Grant has since served his suspension and his entire scholarship was reinstated.

During the month of Grant's suspension, the newspaper did not publish an issue because, Grant said, the university appointed an administrator with no journalism experience as the newspaper's adviser.

'The staff was unanimous that we were not going to publish under [the administrator],' Grant said. 'We were prepared to just call it quits.'

Grant said that after a month of not printing a paper, the university removed the administrator adviser and appointed a journalism professor to the position.

Grant said the situation has taught him valuable lessons about journalism and his First Amendment rights. Grant said that if he had to run the article again, he would print it without the student's grades.

Private schools are not required to give journalists the same First Amendment protections as those attending public schools. But the Student Code of Conduct at Long Island University states that the university 'is committed to preserving the exercise of any right guaranteed to the individual by the constitution.'

Grant said he has not considered legal action against the school.

Jim Highland, national vice president of campus chapter affairs for the SPJ, said the task force, sent in March, would recommend that the school implement a student publications board and adopt the SPJ's Code of Ethics.

'The [publications] board would be made up largely of professional journalists to provide the students with advice when and if they needed it,' Highland said.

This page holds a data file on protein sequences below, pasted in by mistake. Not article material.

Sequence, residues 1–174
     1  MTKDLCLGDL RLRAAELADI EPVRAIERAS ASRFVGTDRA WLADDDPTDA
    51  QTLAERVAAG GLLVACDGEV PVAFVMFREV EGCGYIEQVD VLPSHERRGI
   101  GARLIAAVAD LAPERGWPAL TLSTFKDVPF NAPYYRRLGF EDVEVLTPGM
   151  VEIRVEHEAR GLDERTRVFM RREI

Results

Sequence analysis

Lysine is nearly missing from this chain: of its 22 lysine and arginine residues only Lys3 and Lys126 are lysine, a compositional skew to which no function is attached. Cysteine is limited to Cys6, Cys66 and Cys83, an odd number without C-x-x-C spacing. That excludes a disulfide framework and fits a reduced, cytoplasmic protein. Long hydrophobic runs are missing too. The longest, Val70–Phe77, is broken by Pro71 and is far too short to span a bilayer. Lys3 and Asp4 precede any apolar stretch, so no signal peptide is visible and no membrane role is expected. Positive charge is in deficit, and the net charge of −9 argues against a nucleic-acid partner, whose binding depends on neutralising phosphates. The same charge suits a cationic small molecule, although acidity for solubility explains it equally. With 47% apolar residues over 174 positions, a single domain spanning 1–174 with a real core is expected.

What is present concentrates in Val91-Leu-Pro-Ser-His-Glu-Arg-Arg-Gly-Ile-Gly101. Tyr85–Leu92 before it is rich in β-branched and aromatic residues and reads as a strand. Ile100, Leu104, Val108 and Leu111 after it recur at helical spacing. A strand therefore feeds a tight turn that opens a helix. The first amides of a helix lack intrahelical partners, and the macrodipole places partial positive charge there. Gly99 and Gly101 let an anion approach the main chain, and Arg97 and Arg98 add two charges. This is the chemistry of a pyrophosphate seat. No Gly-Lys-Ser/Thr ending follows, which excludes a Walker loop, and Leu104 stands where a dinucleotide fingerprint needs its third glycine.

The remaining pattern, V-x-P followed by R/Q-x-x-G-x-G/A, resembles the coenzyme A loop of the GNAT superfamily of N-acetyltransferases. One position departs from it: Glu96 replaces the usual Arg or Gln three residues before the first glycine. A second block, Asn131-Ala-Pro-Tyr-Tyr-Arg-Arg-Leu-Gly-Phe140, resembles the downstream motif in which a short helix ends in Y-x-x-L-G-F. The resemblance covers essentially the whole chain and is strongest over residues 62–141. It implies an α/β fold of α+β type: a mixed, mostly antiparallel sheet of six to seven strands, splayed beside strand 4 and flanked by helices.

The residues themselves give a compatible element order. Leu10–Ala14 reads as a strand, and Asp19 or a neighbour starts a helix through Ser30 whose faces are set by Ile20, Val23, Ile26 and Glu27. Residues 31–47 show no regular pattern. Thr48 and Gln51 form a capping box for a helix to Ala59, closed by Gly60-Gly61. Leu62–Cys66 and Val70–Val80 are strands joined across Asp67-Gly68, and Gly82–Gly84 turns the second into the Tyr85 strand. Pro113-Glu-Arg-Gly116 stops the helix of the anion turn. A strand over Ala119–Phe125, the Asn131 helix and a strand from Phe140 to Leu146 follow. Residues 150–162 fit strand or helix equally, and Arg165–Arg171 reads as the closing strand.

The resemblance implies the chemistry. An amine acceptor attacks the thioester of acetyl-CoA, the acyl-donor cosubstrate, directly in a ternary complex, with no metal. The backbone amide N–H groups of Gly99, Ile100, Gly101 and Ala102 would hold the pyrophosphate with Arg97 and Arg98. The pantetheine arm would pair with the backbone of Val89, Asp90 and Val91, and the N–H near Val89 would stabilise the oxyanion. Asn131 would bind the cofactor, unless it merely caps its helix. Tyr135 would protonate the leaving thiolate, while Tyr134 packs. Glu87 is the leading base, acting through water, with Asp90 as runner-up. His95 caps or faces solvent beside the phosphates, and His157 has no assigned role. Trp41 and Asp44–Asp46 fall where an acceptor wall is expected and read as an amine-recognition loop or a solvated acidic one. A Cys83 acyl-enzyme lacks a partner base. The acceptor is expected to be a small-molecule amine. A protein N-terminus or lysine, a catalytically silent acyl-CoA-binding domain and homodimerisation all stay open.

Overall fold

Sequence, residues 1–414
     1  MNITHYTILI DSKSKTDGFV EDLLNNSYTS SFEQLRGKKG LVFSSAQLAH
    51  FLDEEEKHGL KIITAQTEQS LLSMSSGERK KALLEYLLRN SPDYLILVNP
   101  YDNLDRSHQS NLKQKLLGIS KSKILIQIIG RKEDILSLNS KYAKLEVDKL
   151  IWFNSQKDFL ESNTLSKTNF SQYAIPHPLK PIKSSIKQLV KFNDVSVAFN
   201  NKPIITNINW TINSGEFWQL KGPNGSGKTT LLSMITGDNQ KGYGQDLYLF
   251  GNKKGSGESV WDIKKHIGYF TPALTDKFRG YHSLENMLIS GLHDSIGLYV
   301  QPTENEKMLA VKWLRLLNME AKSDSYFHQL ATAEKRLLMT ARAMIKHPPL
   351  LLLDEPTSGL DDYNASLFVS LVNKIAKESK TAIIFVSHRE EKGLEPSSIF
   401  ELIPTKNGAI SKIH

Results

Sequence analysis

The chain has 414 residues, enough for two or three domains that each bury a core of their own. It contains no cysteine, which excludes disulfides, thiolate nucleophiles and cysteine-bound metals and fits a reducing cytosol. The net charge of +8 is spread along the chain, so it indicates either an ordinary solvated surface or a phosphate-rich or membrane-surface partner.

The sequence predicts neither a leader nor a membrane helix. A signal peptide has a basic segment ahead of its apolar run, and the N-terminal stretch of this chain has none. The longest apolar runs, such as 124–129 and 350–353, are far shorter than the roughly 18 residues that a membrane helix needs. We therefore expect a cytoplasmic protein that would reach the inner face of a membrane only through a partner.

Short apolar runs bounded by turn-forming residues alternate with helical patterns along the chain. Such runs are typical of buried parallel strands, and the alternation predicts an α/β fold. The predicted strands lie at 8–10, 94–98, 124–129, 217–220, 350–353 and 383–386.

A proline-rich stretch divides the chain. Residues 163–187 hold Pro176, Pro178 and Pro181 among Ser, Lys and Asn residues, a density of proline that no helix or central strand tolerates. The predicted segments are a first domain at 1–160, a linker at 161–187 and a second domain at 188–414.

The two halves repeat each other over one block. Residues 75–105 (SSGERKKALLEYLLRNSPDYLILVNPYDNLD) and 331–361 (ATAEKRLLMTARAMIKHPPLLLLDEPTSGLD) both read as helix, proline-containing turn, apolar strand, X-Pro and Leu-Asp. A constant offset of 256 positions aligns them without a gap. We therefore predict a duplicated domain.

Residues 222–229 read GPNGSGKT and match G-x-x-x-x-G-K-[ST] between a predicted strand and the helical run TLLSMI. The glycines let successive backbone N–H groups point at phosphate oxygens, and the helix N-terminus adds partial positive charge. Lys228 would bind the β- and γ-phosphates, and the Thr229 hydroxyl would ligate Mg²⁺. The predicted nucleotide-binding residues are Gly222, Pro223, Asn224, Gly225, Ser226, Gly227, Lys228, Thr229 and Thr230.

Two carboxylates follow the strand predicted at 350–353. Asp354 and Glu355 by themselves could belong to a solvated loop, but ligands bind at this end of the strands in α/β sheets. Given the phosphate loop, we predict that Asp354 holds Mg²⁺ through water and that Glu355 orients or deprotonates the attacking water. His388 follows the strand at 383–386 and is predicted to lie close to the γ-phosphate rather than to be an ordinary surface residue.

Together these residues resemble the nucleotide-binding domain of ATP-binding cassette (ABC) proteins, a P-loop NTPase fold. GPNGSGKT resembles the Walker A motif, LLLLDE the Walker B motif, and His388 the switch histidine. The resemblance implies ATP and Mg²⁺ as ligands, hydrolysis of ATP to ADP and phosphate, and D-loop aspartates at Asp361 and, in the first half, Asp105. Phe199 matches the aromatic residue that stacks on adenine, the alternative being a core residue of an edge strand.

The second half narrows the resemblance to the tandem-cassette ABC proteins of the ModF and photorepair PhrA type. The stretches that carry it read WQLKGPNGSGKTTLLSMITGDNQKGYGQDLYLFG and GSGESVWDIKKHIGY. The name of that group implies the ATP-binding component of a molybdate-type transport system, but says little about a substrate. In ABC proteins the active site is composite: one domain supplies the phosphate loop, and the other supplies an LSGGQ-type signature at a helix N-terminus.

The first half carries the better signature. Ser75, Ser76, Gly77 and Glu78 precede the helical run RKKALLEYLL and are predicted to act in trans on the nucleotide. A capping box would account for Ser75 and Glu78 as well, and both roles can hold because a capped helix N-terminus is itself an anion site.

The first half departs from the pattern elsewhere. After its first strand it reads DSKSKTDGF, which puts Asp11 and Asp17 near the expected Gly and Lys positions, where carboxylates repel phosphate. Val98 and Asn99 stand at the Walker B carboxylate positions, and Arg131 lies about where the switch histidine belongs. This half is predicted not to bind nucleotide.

Long Island University has not said whether it will adopt the SPJ task force recommendations.

Because they often have the power to allocate a large amount of funding for student media organizations, student governments are also perpetrators of censorship of student journalists.

A student-run, Internet-based radio station at the University of North Florida is fighting attempts by the student government to censor the station. The station claims student senators slashed its budget and placed guidelines on what music it should play because some did not approve of the station's content.

Osprey Radio's funds are allocated through the student government's budget committee. Elizabeth Macke, station manager for Osprey Radio, said the group was only given $7,000 for the 2004-2005 academic year. She said the station received $29,000 this academic year.

Macke filed a discrimination complaint with the student government's judicial committee, claiming that the budget cut was unconstitutional and the senators' opinions of the station's content 'should have had no bearing on their decision.' Two senators were disciplined as a result.

Courts have consistently ruled that the First Amendment does not allow public schools or their student governments to cut funding based on constitutionally protected speech.